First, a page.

When your images arrive in your email inbox:

Step 3) Go to the link in your email and download your three images in FITS format (this is the standard format used by astronomers). Be sure to name the files clearly, so that you know which image was taken through which filter (e.g. “orionRed.FITS” for an image of the Orion Nebula with a red filter). The filter color is listed in the Image Info file. Record the file names in your Observing Log.

  1. Open your three images: Launch the MOImage processing program on your computer. Open the image taken through the red-passing filter. Do the same for the images taken through the green- and blue-passing filters. You should have three images open. Your object will likely look faint in one or more of the images, but you should see something in each. If you don’t, or if you see a large blotch that looks a bit overexposed on the images, then go back to step 2 and re-request a new image from MicroObservatory. This is rare, but does happen.
  2. Adjust brightness and contrast: Under the Process menu, select Adjust Image.When the Adjust Image window opens, select the Log button, and then click the Auto button to get a good first look at the image. Then go back to the Processmenu and select Reduce Noise. Do the same for the other two images: Hit the auto button to automatically adjust brightness and contrast.
  3. Color each image red, green or blue: Work with the red-filtered image first. Under the Process menu, select Color Tables à Red. Your image will turn red. Then work with the green-filtered image, selecting Color Tables à Green under the Processmenu to turn the image green. Finally, color the blue-filtered image blue by selecting Process à Color Tables à Blue.

What’s going on? The areas in the original scene that had a lot of red became the brightest areas in the red-filtered image. In turn, these bright areas in the red-filtered image will become the reddest areas in the final image. The same holds for the green- and blue-filtered images.

  1. Stack the images. Under the Process menu, select Stack à Convert Images to Stack. You can flip through these images if you like, to see them individually.
  2. Align the images: Your three images will probably be out of alignment. You’ll need to align, or “shift” the images so that when you combine them the result won’t be blurred. Under the Process menu, select Shift. As prompted, select the green image (it’s easiest to see) as the background image over which you’ll shift (i.e. align) the other two images. Then in the Foreground dropdown menu, select either the red or blue image to shift. (You should see the background image through the slightly transparent foreground image.) Find patterns to match up (use groupings of bright stars that are easy to see, for example). Using the mouse keys and the i,j,k,l keys as prompted, align the two images and then hit the Okay button. Align the third image in the same way and hit Okay.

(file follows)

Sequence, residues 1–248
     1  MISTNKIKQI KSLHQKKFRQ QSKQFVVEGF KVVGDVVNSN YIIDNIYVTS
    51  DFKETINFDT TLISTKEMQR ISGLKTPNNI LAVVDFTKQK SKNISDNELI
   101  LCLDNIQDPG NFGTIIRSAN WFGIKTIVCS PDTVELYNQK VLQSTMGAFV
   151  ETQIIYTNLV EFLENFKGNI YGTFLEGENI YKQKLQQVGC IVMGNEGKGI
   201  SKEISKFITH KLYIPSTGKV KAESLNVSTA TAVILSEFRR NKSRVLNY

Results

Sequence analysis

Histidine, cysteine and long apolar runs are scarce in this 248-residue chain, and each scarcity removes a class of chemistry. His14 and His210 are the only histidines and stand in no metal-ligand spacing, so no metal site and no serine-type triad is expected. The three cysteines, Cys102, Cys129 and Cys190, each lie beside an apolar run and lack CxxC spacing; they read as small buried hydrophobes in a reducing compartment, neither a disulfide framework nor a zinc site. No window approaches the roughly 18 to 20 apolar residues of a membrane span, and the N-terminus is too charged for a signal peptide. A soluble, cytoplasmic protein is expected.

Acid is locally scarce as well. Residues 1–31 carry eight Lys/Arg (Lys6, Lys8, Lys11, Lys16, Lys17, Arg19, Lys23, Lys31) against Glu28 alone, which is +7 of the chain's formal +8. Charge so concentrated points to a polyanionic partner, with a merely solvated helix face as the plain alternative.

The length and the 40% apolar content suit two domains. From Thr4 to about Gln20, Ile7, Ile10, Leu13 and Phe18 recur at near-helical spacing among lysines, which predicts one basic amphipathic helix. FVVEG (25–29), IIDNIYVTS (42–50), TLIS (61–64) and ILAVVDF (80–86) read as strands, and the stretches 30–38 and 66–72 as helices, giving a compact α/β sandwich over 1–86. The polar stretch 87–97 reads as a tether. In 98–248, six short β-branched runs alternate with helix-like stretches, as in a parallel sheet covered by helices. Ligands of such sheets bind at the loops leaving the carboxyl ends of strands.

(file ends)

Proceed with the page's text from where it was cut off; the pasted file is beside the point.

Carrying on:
3. Create the final color image. Under the Process menu, select Stack à Convert Stack to RGB. The program now merges the three red, green, and blue images to create the final image. Congratulations!
  4. Save the final image. Go to File à Save As… and choose Save as GIF. Make sure you save your final image and label the filename clearly with .GIF as the file extension.

Step 4) Now that you have your own color image that you’ve created, click on the appropriate link below to download a professional image of the same object.

Andromeda Galaxy (M-31)© Caltech/David Malin
Orion Nebula (M-42)© Anglo-Australian Observatory/David Malin
Ring Nebula (M-57)© NOAO/AURA/NSF (Kitt Peak National Observatory)
Dumbbell Nebula (M-27)© IAC/RGO/David Malin
Trifid Nebula (M-20)© Anglo-Australian Observatory/David Malin
Lagoon Nebula (M-8)© NOAO/AURA/NSF (Kitt Peak National Observatory)
Eagle Nebula (M-16)© NOAO/AURA/NSF
Crab Nebula (M-1)© David Malin/Jay Passachoff/Caltech
Messier 46 (M-46)© Anglo-Australian Observatory/David Malin

Step 5) Make your poster using your original three images, your final RGB image, and the “professional” image from the table above (properly cited, please). For your own images, include the information you recorded on your observing log (location of telescope, date of image, field of view, exposure time, filter). Include a brief bit of text about your object (where is it, what is it, what do you like about it). These site have examples of scientific posters, and the second one even has PowerPoint templates that you can use. I hope this is helpful. — direct link to the PowerPoint template

Observation Log Sheet

Name and type: planet, star, nebula, galaxy, etc.Of image requestIn secondsWhy this image? Notes about requested target object. Filter? Camera/Field of View?After image comes back.Telescope location. Date and time image taken. Actual exposure. Weather. Did image come out? Suggestions for improvement. File saved as: <name of file>

This activity was adapted from the curriculum, From the Ground Up!, developed by the Harvard-Smithsonian Center for Astrophysics. From the Ground Up! was supported by the National Science Foundation under Grant No. 9730351. Additional support was provided by the National Aeronautics and Space Administration, Harvard University, and the Smithsonian Institution. More information about From the Ground Up! can be found at this URL: